The Ebola outbreak in West Africa, powerful storms in the Asia-Pacific region and ongoing conflicts in Syria and elsewhere are all stark reminders that health and stronger health system capacities must be central to the new framework for managing disaster risk currently being discussed in Sendai, Japan, senior United Nations health agency officials emphasized today.
“If we're going to come out of emergencies in good shape, we're going to have to go into them with healthier, more resilient populations,” said Dr. Bruce Aylward, Assistant Director General for Emergencies at the UN World Health Organization (WHO), briefing reporters in Sendai at the Third World Conference on Disaster Risk Reduction.
Noting that the aim of the current conference, which opened yesterday and wraps up Wednesday 18 March, is to agree a new set of measures for managing disaster risk to reduce mortality and curb economic losses and which will succeed the landmark 2005 Hyogo Framework for Action (HFA), Dr. Aylward said thus far, health appears to be featuring very prominently in the current negotiations.
“This framework is very different from what we saw in Hyogo because its not just about protecting people's health but the recognition that health is at the very centre of disaster risk reduction, he said, alongside Ciro Ugarte, Director, Emergency Preparedness and Disaster Relief at WHO's Regional Office for the Americas, Alex Ross, Director of WHO's Kobe Centre, and Remi Sogunro, UN Population Fund (UNFPA) Officer-in-Charge in Liberia.
“Health and disaster risk reduction are deeply connected; healthy people are resilient people and resilient people recover more quickly from disasters,” continued Dr. Aylward, who is also Special Representative to the WHO Director General on Elba, stressing that while the HFA had included only three references to health, the current framework contained some 30 mentions and spoke specifically to risks associated with epidemics and pandemics.
West Africa's current Ebola crisis, along with Typhoon Haiyan, which wreaked havoc in the Philippine archipelago in 2013, and ongoing conflict in countries such as Syria and the Central African Republic have all made it plainly clear that health must be a central concern.
He said that WHO is uniquely placed within the UN system to ensure the new framework deals effectively with health matters. In Sendai, the agency will spotlighting several key initiatives, including: a policy framework WHO and its regional partners had put together to help them take the post-2015 framework and translate it into concrete actions for ministries of health; and efforts to ensure multi-hazard early warning measures and capacities are bolstered to be able to detect, report and respond to disease outbreaks and pandemics quickly and more effectively.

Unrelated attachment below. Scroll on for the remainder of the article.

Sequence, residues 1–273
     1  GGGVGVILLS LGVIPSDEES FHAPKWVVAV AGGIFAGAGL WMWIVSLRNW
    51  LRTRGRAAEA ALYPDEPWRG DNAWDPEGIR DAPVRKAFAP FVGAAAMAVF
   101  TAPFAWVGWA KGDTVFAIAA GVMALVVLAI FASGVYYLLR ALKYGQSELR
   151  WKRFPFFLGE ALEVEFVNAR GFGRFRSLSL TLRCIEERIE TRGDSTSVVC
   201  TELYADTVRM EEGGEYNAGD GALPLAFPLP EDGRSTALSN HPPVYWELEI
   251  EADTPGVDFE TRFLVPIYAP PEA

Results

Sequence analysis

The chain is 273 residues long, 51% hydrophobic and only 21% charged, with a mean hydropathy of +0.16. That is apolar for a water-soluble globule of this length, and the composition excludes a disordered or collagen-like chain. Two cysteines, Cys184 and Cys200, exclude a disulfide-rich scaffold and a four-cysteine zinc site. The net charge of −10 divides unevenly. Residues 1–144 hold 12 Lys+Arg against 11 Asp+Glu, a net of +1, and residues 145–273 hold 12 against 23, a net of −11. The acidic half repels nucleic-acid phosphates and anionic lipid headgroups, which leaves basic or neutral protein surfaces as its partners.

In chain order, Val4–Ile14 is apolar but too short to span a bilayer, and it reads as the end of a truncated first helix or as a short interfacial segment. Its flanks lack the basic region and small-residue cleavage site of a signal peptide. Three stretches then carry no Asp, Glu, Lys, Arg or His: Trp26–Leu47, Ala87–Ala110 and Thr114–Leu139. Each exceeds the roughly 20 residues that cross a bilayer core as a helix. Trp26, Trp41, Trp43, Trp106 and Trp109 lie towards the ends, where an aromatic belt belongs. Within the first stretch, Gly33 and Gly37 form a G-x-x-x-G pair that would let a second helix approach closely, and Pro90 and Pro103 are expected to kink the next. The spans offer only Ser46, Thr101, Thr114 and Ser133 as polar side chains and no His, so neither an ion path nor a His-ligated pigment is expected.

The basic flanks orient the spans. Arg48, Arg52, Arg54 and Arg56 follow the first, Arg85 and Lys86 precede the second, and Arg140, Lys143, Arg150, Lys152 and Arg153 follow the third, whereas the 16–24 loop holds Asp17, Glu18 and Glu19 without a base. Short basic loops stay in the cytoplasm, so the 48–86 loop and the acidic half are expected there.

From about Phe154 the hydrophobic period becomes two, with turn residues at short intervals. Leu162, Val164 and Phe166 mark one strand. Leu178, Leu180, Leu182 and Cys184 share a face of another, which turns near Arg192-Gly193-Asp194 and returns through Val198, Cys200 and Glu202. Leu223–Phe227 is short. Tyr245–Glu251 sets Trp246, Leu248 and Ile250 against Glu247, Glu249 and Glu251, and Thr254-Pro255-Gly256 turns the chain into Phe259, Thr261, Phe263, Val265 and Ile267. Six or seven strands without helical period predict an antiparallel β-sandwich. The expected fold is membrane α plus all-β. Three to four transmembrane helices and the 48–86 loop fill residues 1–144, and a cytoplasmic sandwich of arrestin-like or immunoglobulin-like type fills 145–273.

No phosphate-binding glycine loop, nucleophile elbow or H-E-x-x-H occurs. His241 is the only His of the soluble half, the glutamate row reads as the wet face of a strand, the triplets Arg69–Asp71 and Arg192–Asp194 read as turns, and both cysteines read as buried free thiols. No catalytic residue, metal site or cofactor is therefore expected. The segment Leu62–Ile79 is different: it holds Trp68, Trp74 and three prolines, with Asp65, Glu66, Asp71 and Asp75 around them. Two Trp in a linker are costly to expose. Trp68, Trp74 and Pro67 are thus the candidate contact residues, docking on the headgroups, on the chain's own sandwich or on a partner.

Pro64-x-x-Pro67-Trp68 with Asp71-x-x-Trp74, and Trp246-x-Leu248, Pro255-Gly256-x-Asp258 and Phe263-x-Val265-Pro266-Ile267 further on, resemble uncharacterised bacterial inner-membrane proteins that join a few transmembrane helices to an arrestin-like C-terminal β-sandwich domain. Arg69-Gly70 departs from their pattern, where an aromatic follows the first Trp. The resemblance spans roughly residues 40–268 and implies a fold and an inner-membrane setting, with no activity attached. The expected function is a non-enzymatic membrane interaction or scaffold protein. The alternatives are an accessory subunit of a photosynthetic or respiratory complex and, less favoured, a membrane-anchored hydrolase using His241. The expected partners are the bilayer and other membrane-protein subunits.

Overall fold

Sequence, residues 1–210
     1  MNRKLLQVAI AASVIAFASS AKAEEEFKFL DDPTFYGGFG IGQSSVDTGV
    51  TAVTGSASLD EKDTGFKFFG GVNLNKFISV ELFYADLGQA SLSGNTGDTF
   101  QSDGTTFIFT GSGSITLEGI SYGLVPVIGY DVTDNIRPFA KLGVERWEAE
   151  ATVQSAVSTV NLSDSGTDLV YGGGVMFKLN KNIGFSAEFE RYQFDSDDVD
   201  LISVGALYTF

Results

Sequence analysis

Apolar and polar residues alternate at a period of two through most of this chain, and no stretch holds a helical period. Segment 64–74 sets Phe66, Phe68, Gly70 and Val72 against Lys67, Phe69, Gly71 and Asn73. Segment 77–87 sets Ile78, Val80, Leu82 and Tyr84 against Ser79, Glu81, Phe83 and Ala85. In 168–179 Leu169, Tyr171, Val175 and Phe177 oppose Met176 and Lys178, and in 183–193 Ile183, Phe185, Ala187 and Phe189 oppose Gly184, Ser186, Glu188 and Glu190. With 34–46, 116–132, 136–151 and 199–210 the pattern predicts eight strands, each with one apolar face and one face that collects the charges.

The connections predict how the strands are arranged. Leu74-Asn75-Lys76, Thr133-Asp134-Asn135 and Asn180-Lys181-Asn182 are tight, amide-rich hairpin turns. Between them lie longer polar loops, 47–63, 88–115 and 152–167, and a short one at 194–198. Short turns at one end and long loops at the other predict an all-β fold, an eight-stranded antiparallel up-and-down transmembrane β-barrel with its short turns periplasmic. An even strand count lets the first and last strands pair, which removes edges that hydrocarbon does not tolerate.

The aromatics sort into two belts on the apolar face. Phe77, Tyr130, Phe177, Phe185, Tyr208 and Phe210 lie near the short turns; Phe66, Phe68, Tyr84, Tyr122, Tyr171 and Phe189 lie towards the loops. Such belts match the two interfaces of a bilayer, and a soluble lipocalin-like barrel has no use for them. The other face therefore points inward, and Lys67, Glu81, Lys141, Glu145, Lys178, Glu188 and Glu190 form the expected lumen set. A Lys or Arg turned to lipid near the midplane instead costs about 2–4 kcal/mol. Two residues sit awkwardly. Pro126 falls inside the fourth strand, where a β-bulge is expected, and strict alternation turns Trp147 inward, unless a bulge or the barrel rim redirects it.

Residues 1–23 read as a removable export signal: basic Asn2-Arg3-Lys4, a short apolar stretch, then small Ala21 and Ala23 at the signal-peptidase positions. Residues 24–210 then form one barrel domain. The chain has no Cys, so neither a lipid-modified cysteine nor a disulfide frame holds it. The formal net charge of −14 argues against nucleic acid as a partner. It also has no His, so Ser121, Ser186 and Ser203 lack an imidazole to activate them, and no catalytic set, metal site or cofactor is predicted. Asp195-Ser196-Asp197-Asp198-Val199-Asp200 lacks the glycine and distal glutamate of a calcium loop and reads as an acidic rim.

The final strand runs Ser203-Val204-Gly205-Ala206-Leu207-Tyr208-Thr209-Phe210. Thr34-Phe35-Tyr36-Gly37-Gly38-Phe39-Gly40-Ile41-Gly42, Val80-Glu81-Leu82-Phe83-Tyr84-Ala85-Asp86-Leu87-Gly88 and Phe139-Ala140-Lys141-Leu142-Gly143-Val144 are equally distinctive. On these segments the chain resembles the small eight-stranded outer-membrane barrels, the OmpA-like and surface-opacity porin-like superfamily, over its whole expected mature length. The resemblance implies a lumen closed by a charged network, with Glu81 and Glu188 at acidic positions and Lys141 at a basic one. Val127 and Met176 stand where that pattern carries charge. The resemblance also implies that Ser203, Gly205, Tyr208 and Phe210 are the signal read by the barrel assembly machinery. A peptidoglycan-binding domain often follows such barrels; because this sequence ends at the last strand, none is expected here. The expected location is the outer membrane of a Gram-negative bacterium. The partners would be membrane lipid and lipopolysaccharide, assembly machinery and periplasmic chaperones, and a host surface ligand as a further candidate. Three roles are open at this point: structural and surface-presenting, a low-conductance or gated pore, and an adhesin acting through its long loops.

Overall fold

The agency has also fast-tracked its 'hospital safety index' to be ready for launch in Sendai. This tool, explained Dr. Aylward, lays out 151 specific indicators for governments and health ministries. It provides a snapshot of the probability that a hospital or health facility will continue to function in emergency situations, based on structural, nonstructural and functional factors, including the environment and the health services network to which it belongs.
Here, he noted that when Typhoon Ruby struck the Philippines last year, no medical facilities had been lost, largely because of lessons learned and measures put in place after Haiyan, which had destroyed some 600 health facilities.
“But this is about more than buildings,” Dr. Aylward said, stressing that managing disaster risk also includes ensuring entire health systems can function properly and effectively in the wake of crisis, outbreaks or pandemics.
Echoing this, Mr. Ugarte said the WHO index and similar measures aimed to address the real fact that in many cases, hospitals are lost exactly when critical services are needed. “We have to move from theory to practice,” he continued, adding that efforts should be made, as had been the case in Japan in the wake of multiple natural disasters, to focus on the facilities that will have to remain operational “no matter what.”
Indeed, the experts stressed, resilient health systems can reduce underlying vulnerability, protect health facilities and services, and scale-up the response to meet the wide-ranging health needs in disasters.